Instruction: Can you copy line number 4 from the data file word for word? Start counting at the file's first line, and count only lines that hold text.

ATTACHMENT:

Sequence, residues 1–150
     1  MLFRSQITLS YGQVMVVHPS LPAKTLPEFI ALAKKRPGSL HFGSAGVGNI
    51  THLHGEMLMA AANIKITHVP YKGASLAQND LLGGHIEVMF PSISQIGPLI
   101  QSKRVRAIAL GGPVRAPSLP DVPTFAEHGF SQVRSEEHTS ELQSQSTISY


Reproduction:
   101  QSKRVRAIAL GGPVRAPSLP DVPTFAEHGF SQVRSEEHTS ELQSQSTISY